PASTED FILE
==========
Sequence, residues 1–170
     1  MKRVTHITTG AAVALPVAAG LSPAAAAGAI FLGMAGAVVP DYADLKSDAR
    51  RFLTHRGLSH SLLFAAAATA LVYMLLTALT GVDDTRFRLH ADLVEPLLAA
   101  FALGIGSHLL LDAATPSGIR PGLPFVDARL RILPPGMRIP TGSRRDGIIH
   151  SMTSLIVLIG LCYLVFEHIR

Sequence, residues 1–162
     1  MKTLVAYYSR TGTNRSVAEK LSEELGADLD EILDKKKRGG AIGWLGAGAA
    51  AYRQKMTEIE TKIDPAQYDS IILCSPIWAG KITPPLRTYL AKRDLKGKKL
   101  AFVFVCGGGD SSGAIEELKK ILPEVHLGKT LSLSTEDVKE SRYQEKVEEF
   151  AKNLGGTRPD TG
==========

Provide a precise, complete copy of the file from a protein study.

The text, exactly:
Sequence, residues 1–170
     1  MKRVTHITTG AAVALPVAAG LSPAAAAGAI FLGMAGAVVP DYADLKSDAR
    51  RFLTHRGLSH SLLFAAAATA LVYMLLTALT GVDDTRFRLH ADLVEPLLAA
   101  FALGIGSHLL LDAATPSGIR PGLPFVDARL RILPPGMRIP TGSRRDGIIH
   151  SMTSLIVLIG LCYLVFEHIR

Sequence, residues 1–162
     1  MKTLVAYYSR TGTNRSVAEK LSEELGADLD EILDKKKRGG AIGWLGAGAA
    51  AYRQKMTEIE TKIDPAQYDS IILCSPIWAG KITPPLRTYL AKRDLKGKKL
   101  AFVFVCGGGD SSGAIEELKK ILPEVHLGKT LSLSTEDVKE SRYQEKVEEF
   151  AKNLGGTRPD TG